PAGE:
Slimy worms, sticky monkey plants and sugar leaves are just some of the things that Julien Elementary School students have been growing all year and on Friday they were able to celebrate all their hard work and take a closer look at their plants during their 12th annual Garden Celebration.
“They learn about what a garden is really about,” said Linda Murphy-Lopes, Julien Elementary principal. “They learn about agriculture in general. It brings a little bit of agriculture into their lives.”
Students participated in a variety of different classroom activities, from taking a close look at worms and what they do, to making their own stamps from potatoes and tasting the produce grown in their garden with the help of the Turlock Unified School District Food Services.
“They learn about the purpose of a garden while we are using state standards,” said Kathy Gilfillan, second grade teacher at Julien Elementary. “By taking a closer look at worms they are learning the life cycle of animals too.”
Students really enjoyed taking a look at their worms and learning what they do in the garden.
“I learned that worms have hair,” said Xochil Villegas, second-grader at Julien Elementary. “When it’s really quiet, you can hear the hair when they are crawling.”
Students also incorporated some math, science and language arts into their activities while learning about their school garden.
Through the pumpkin projects activity, students wrote poems about their individual pumpkins.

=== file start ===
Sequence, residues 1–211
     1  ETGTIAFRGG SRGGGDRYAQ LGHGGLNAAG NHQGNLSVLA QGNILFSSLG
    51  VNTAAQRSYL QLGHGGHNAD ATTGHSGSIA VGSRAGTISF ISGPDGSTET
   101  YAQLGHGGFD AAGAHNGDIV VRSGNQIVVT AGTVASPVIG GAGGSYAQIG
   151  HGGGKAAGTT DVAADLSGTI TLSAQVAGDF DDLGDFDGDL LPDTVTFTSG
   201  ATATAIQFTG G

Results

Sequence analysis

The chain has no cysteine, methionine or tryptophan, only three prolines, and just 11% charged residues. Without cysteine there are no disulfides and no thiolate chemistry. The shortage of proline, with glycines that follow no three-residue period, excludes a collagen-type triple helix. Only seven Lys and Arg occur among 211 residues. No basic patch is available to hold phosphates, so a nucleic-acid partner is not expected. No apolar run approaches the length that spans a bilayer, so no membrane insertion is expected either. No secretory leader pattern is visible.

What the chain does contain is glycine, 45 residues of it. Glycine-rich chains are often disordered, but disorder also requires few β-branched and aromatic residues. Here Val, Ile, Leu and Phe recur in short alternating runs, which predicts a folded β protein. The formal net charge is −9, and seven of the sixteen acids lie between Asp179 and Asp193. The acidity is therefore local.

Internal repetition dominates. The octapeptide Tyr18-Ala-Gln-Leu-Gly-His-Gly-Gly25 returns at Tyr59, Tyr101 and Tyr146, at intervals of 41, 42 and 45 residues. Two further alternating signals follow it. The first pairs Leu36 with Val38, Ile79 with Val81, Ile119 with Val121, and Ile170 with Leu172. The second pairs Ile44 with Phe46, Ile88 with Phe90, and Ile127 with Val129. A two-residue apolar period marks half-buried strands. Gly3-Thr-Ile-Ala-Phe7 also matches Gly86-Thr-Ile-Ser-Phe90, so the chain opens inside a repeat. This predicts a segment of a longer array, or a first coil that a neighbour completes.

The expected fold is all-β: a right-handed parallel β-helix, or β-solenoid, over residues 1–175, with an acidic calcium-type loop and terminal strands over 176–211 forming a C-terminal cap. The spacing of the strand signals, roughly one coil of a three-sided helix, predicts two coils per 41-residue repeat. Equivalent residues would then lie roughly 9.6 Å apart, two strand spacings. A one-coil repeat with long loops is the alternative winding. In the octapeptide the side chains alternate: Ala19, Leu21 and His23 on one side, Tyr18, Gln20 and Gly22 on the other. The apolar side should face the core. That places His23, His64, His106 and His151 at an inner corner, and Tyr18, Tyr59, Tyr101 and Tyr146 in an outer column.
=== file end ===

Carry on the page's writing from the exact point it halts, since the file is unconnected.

But what students enjoyed most were some of the things they learned while they were hands on in the garden.
“I learned that you have to follow directions,” said Cali Terry, second-grader. “If you put the plant in too deep it won’t grow and if you put the plant in too high it won’t grow.”
Her favorite part about the garden is that it is quiet and there are a lot of things she can look at, she said.
Second-grader Kaden Ferro also learned about placing his plant in the ground at the right depth to guarantee a good lettuce plant this year. He plans to have his own garden with sugar plants, lemon leaf and lettuce, he said. Even though he is in charge of planting the lettuce, his favorite plant is the lemon leaf.
“When you rub it, it smells like lemon,” Ferro said.
Joel Martinez, second-grader, finds himself at the front of the garden playing with the sticky monkey plant most often. He likes how the plant sticks to his fingers when he touches it.
With students getting a kick out of the different plants they can grow in their garden, parents are also enjoying the educational side of the garden.
“It is a natural way to talk about nutrition,” said Maureen Ferro-Souza, mother of Kaden Ferro. “It is an outside activity they can do at home.”
To contact Maegan Martens, e-mail email@example.com or call 634-9141 ext. 2015.